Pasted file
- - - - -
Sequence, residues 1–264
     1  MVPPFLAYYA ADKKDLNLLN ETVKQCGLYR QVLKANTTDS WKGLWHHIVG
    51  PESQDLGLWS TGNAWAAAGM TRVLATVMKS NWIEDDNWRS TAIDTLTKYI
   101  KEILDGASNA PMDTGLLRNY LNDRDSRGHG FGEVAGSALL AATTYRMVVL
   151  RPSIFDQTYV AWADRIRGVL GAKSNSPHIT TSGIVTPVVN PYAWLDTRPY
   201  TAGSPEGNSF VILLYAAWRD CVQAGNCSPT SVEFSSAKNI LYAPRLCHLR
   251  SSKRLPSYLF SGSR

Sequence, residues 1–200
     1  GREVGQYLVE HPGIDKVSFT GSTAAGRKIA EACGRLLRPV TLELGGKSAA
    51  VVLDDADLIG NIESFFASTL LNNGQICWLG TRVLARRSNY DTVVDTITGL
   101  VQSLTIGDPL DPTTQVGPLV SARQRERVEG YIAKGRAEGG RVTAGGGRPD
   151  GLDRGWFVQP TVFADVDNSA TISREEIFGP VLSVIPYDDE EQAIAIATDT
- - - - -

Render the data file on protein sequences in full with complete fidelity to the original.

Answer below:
Sequence, residues 1–264
     1  MVPPFLAYYA ADKKDLNLLN ETVKQCGLYR QVLKANTTDS WKGLWHHIVG
    51  PESQDLGLWS TGNAWAAAGM TRVLATVMKS NWIEDDNWRS TAIDTLTKYI
   101  KEILDGASNA PMDTGLLRNY LNDRDSRGHG FGEVAGSALL AATTYRMVVL
   151  RPSIFDQTYV AWADRIRGVL GAKSNSPHIT TSGIVTPVVN PYAWLDTRPY
   201  TAGSPEGNSF VILLYAAWRD CVQAGNCSPT SVEFSSAKNI LYAPRLCHLR
   251  SSKRLPSYLF SGSR

Sequence, residues 1–200
     1  GREVGQYLVE HPGIDKVSFT GSTAAGRKIA EACGRLLRPV TLELGGKSAA
    51  VVLDDADLIG NIESFFASTL LNNGQICWLG TRVLARRSNY DTVVDTITGL
   101  VQSLTIGDPL DPTTQVGPLV SARQRERVEG YIAKGRAEGG RVTAGGGRPD
   151  GLDRGWFVQP TVFADVDNSA TISREEIFGP VLSVIPYDDE EQAIAIATDT